Those paintings, in which the main force is the sunlight ... must be considered the best.
Ivan Aivazovsky. Sunset at sea
Sunset at sea
1866, 40×48 cm

Having made a sketch
A study is an exercise painting that helps the painter better understand the object he or she paints. It is simple and clear, like sample letters in a school student’s copybook. Rough and ready, not detailed, with every stroke being to the point, a study is a proven method of touching the world and making a catalogue of it. However, in art history, the status of the study is vague and open to interpretation. Despite its auxiliary role, a study is sometimes viewed as something far more significant than the finished piece. Then, within an impressive frame, it is placed on a museum wall.
So, when does a study remain a mere drill, and when can we call it an artwork in its own right, full of life and having artistic value? Read more
on a piece of paper, I get to work
and I do not move away from the canvas, until I express myself with my brush.

Like a bee, I suck honey from a flower garden to bring a grateful tribute to Mother Russia with my labour.

It’s a shame to turn away from your people, especially so small and oppressed.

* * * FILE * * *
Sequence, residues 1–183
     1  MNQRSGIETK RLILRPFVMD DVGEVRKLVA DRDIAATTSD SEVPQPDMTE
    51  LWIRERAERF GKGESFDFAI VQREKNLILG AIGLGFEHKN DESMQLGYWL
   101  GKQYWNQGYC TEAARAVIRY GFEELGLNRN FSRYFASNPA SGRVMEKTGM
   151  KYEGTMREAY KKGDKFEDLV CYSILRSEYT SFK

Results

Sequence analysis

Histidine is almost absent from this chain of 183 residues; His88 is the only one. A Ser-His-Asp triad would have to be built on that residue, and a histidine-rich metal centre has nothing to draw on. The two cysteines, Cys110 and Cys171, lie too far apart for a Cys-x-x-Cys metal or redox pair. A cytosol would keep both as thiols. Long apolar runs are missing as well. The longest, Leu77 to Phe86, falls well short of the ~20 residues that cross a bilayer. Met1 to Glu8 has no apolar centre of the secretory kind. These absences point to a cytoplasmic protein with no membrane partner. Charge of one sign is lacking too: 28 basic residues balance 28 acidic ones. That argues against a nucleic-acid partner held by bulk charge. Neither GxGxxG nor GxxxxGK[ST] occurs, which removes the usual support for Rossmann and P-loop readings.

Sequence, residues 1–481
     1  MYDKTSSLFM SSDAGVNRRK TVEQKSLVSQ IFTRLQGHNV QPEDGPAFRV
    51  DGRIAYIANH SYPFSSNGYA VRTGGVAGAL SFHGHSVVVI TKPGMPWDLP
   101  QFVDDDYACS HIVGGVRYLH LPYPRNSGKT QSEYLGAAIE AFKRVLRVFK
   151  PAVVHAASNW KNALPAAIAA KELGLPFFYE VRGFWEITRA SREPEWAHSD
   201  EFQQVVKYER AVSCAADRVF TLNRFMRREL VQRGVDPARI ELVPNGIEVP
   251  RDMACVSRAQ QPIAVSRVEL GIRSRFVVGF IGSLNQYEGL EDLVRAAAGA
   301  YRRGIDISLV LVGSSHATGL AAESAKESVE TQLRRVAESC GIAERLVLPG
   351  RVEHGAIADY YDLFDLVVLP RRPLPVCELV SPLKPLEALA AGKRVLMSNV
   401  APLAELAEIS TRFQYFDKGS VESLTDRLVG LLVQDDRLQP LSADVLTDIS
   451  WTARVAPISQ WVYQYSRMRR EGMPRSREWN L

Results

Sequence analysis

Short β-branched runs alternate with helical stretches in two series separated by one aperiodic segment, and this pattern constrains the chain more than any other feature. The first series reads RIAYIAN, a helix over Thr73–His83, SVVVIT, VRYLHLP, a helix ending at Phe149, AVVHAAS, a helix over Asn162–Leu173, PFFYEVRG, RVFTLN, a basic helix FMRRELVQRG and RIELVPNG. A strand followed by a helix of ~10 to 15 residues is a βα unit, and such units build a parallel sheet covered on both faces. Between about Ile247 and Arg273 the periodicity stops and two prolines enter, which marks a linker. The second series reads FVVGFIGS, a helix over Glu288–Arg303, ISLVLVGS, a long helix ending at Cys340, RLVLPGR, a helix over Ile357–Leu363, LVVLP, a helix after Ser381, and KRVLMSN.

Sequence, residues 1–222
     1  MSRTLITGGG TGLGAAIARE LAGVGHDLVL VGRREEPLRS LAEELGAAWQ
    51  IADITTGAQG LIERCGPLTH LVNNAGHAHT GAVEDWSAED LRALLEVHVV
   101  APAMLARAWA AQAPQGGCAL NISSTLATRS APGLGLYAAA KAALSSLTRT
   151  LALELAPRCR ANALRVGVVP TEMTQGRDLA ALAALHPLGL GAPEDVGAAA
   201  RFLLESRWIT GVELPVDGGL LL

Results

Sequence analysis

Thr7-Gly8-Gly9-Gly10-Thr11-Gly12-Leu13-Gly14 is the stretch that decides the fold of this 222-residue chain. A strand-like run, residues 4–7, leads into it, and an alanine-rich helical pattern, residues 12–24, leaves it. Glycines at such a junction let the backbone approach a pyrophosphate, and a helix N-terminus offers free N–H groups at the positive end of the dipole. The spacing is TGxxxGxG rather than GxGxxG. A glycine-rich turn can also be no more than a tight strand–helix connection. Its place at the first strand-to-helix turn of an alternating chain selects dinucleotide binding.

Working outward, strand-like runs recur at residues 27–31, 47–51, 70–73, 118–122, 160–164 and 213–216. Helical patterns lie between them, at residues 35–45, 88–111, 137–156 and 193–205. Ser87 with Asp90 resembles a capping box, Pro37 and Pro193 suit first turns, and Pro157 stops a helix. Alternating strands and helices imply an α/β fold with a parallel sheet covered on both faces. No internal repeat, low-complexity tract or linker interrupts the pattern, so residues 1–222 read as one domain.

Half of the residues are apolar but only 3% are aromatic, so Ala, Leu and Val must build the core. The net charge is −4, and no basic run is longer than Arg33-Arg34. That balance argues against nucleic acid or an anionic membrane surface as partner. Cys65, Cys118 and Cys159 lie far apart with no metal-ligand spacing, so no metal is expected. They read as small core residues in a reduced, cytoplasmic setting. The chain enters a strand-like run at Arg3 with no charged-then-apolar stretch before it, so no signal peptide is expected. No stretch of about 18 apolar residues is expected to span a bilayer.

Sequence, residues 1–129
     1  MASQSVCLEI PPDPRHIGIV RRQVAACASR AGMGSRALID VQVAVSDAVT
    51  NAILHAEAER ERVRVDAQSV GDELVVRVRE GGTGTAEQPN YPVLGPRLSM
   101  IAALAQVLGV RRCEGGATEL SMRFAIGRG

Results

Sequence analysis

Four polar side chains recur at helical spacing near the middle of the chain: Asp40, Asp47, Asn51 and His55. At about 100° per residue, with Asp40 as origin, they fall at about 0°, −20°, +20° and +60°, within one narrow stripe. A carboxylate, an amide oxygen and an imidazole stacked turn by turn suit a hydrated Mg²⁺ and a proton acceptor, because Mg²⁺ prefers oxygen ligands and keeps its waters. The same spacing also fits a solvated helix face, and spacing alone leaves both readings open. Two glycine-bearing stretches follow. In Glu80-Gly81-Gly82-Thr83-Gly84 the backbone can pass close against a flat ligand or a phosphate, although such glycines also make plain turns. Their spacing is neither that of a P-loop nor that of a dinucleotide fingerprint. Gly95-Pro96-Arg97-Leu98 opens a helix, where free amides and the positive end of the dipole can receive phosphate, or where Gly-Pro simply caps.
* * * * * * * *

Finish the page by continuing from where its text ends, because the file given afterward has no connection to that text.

Ivan Aivazovsky. Night. Tragedy in the sea of Marmara
Night. Tragedy in the sea of Marmara
1897

Ease is a result of hard work.

The idealization of living nature is an extreme,
which I have always avoided in my paintings, but I’ve always felt the poetry of nature, I feel it and try to convey it with my brush. The charm of a moonlit night, the bliss of a clear sunset, the horror of a storm or a hurricane — these are the feelings that inspire me when I paint pictures.

I prefer a day in Italy to
 months in the north.




I can’t tinker with a painting for a long time...

When I move away from the area depicted in my painting, its details appear even more clearly and vividly in my imagination... Inspired by the view of a picturesque area with spectacular lighting, or by some moment of a storm, I retain their memory for many years...

Having studied carefully the atmospheric changes, the play of light and shadow on the sea waves, on the mountain tops, on the trees, I can reproduce them as something familiar to me for a long time, with the speed for which some strict judges reproach me.

My imagination is stronger than the receptivity of actual impressions.


Ivan Aivazovsky. Napoleon on St. Helena
Napoleon on St. Helena
1897, 214×327 cm

This is a quiet sea
For those
Who have lived
For quarter of a century
Without clouds and worries
Happy and enviable
But, indeed, monotonous and boring.

(a dedication poem that Aivazovsky wrote on a piece of paper — probably in order to transfer it to the back of the picture, which he was going to present to someone close to him – ed.)
Ivan Aivazovsky. Clouds above the sea
Clouds above the sea
1889, 112×146 cm

Title illustration: Oleg Shupliak. Portrait of Aivazovsky.

Quotes collected by Aliona Esaulova